[Flow] CGL Filenames

Jacob Floyd cognifloyd at gmail.com
Thu Nov 20 23:17:06 CET 2014

On Thu, Nov 20, 2014 at 5:23 AM, Bastian Waidelich <bastian at typo3.org>

> Martin Kutschker wrote:
>  Though isn't it FooInterface right now? That will get us FooAbstract and
>> FooTrait.
> Yes, that's right. <Name>Interface, Abstract<Name> and <Name>Trait

TL;DR; English grammar suggests that this is the best way to do it, even if
the position of the word is not consistent.

At first glance this feels oddly inconsistent; We do, after all, put each
of those at the same position within php code.

But, I think leaving Abstract as a prefix, and Interface/Trait as suffixes
makes sense. Consider the opposite of how we do it: "Interface Foo", "Trait
Foo" both feel slightly odd when I say them out loud, and "Foo Abstract"
feels very wrong. I think that is because of the odd rules of grammar in
English (Oh! English. What an ugly inconsistent language! And yet, it is my
native tongue).

Consider the phrase "the poor man". 'poor' is an adjective that describes
'man', a noun. Poor happens to also work as a noun, but the definition
changes slightly when you use it as a noun instead of an adjective. And, if
you were to flip the phrase around, it would not make much sense, or could
have (sometimes funny) alternative meanings: "the man poor" (Would that
mean someone without a boyfriend?)

The word "Abstract" works quite well as an adjective, but has the wrong
meaning as a noun. An "Abstract" (noun) is "an abridgement or summary" or a
kind of legal document, or any other summary-like document. But we're not
talking about a document, we're talking about the computing definition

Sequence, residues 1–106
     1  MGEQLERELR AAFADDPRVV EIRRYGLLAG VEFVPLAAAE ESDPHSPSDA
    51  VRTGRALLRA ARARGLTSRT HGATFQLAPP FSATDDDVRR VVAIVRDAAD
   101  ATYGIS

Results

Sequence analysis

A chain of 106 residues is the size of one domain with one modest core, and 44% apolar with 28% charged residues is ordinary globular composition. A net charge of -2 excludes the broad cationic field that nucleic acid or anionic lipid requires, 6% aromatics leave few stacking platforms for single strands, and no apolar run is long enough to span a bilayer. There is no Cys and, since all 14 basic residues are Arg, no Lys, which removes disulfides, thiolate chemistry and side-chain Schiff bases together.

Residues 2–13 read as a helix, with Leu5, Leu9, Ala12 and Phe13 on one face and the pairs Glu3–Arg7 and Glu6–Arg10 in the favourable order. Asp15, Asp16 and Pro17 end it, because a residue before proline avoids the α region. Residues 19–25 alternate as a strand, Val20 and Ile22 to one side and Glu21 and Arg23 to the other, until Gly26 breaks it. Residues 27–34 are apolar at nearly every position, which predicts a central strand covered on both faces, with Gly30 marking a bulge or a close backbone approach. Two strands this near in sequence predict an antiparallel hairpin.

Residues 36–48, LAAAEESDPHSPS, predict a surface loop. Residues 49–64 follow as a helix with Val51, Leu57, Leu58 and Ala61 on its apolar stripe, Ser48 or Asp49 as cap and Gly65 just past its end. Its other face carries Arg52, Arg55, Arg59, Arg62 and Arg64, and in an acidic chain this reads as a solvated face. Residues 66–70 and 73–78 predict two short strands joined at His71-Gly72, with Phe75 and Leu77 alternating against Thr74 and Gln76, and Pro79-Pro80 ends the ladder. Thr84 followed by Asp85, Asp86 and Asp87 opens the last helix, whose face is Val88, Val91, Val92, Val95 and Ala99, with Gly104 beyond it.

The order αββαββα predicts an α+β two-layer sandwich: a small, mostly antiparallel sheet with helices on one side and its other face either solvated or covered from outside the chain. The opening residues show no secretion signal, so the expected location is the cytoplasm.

which is an adjective: "abstract type". (

"Abstract" can be a noun, an adjective, or a verb. But, we want the
adjective form. "Interface" is a noun or a verb. "Trait" is always a noun.
So, based on current English rules, "Abstract Foo", "Foo Interface" and
"Foo Trait" feel the most natural. English is a living language where words
can move from one part of speech to another, so we could get away with
using the words in different places in the sentence. But that would, at
least to begin with, feel awkward.

So, I blame the inconsistent placement of Abstract, Interface, and Trait on
the English language.

If we choose to change the placement of the terms in the filenames, then
those file names will be more awkward to read aloud. That's not really a
very big deal, so if we decide to change the CGL in favor of more
consistency, I'm ok with that, just be aware of this one potential pitfall.

Jacob Floyd

PS: English Grammar rules are designed to be broken, but you can only break
one if you are fully aware of the rule, and you decide to break it on
purpose with good reason. Dogmatic obedience to English grammar rules is
like lemmings jumping off a cliff just because all the other lemmings are
doing it.

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